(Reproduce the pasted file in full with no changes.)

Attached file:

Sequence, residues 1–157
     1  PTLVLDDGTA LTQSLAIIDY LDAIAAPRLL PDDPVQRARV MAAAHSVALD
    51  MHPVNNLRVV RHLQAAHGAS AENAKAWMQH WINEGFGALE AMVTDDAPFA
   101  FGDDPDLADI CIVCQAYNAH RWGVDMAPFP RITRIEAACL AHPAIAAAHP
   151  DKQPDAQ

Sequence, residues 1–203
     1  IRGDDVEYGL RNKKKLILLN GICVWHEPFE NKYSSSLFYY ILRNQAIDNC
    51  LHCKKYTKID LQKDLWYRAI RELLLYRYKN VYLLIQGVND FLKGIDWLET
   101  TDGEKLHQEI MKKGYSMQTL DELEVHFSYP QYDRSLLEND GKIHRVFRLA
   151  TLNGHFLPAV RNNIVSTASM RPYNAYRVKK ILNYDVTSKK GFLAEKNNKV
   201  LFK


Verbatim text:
Sequence, residues 1–157
     1  PTLVLDDGTA LTQSLAIIDY LDAIAAPRLL PDDPVQRARV MAAAHSVALD
    51  MHPVNNLRVV RHLQAAHGAS AENAKAWMQH WINEGFGALE AMVTDDAPFA
   101  FGDDPDLADI CIVCQAYNAH RWGVDMAPFP RITRIEAACL AHPAIAAAHP
   151  DKQPDAQ

Sequence, residues 1–203
     1  IRGDDVEYGL RNKKKLILLN GICVWHEPFE NKYSSSLFYY ILRNQAIDNC
    51  LHCKKYTKID LQKDLWYRAI RELLLYRYKN VYLLIQGVND FLKGIDWLET
   101  TDGEKLHQEI MKKGYSMQTL DELEVHFSYP QYDRSLLEND GKIHRVFRLA
   151  TLNGHFLPAV RNNIVSTASM RPYNAYRVKK ILNYDVTSKK GFLAEKNNKV
   201  LFK